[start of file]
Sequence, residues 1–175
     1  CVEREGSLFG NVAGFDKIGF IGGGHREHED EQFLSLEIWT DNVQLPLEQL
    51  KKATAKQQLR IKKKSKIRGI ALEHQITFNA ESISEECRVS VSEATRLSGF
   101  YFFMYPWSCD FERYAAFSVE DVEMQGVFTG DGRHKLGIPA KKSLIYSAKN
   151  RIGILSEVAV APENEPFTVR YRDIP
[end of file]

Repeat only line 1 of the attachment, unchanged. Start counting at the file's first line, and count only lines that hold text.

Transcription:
Sequence, residues 1–175